Kilong Ung was just a teenager when the Khmer Rouge overtook his hometown of Battambang in Cambodia.
Under the new regime, he and his seven sisters, along with their parents, were forced into concentration camps, where they worked 13 hours a day on a daily ration of two tiny bowls of rice porridge and whatever rats they could catch.
His mother, father and youngest sister would become part of the estimated 2 million Cambodians who perished under the Khmer Rouge regime between 1975 and 1979. During its reign, the government burned books, buried films and murdered artists, teachers, religious figures and intellectuals in an effort to purge the nation of its culture.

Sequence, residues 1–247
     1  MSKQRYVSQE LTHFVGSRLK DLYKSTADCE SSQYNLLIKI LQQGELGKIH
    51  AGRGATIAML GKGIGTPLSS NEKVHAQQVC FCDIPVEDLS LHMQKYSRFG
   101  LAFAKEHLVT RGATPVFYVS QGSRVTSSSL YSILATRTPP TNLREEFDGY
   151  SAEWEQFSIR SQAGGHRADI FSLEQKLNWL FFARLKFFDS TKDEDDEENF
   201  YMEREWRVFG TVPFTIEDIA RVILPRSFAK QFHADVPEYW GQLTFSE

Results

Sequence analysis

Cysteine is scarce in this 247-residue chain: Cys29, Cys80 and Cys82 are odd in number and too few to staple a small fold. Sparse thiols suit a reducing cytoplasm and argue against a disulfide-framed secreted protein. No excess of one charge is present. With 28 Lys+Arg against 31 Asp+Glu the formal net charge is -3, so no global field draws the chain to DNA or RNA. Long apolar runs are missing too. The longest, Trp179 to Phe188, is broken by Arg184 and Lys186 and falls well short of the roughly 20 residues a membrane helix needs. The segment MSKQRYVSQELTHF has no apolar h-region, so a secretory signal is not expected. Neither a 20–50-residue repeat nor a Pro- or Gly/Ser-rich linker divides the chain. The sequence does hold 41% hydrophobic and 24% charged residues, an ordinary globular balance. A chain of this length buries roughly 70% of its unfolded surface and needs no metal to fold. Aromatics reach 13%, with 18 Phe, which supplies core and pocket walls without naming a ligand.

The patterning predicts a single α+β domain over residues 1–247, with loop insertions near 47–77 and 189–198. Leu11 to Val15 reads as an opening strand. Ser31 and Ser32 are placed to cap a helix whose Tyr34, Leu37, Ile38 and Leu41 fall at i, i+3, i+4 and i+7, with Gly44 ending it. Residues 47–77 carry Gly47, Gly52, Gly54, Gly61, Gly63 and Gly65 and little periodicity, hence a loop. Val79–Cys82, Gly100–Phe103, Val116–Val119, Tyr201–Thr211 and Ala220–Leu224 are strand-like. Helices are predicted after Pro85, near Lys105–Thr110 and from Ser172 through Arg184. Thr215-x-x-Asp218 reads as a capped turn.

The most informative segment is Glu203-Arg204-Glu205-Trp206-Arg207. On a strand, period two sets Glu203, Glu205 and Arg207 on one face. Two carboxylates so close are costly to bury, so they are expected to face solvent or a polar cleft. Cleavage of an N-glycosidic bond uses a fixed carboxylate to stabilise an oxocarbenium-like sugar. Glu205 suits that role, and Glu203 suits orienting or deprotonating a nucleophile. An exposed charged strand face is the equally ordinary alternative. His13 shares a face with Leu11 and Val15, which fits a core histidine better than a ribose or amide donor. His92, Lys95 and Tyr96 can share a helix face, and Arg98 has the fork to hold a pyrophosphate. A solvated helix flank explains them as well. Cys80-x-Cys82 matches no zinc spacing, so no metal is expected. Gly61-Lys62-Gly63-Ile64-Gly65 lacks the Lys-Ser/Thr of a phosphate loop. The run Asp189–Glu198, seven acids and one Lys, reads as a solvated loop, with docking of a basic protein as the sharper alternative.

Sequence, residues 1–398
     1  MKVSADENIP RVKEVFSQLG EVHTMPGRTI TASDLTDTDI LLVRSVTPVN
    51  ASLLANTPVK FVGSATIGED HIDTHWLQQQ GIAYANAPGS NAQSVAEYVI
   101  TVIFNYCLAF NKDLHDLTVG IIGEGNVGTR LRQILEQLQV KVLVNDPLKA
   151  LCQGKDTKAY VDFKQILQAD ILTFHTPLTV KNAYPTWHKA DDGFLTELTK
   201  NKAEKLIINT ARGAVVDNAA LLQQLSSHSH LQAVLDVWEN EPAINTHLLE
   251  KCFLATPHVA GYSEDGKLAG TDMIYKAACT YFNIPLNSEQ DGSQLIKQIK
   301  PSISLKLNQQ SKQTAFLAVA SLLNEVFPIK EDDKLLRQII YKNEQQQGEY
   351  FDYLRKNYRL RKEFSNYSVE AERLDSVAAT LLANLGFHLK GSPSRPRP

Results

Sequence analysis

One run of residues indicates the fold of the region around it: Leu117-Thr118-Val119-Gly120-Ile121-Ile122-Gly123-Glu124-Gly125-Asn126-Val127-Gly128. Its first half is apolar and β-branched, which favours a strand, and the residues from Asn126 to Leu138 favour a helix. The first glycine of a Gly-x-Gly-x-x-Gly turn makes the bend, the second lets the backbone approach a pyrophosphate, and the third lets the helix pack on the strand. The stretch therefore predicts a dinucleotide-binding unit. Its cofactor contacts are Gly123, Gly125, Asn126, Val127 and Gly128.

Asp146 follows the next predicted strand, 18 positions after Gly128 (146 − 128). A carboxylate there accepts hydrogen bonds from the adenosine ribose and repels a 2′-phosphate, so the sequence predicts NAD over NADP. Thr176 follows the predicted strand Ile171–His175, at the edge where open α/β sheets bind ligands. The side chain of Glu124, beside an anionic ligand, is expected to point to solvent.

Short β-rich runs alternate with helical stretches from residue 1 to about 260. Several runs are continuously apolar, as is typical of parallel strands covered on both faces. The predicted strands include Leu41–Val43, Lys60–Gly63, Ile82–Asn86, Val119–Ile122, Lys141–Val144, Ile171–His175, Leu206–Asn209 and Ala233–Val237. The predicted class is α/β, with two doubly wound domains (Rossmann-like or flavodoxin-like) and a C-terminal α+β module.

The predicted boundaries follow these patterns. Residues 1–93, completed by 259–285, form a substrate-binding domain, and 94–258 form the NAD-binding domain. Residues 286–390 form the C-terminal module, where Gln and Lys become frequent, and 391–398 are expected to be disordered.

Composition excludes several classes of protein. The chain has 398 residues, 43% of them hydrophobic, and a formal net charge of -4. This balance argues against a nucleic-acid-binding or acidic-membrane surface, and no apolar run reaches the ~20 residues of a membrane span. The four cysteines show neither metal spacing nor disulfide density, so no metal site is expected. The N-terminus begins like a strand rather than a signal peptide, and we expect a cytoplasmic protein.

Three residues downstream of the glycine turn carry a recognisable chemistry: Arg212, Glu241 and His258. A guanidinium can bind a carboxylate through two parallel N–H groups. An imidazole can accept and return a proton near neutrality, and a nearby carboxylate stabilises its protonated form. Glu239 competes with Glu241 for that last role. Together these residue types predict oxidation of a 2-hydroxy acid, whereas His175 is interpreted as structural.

Ung’s story of surviving the so-called killing fields and the aftermath of trying to find closure in genocide is explored in a new documentary, “Risking Lights,” which will debut this weekend at the Art Theater as part of the Cambodia Town Film Festival. Now in its sixth year, CTFF has earned a reputation for daring programming that presents projects from independent Asian and Asian-American filmmakers not often supported by the mainstream.
“The film is about, what would you do after a tragedy [like the Khmer Rouge]?” says praCh Ly, co-founder and co-director of the Cambodia Town Film Festival. “How do you seek resolution? How do you seek closure?”
Read Esther Kang’s report on Long Beach Post.
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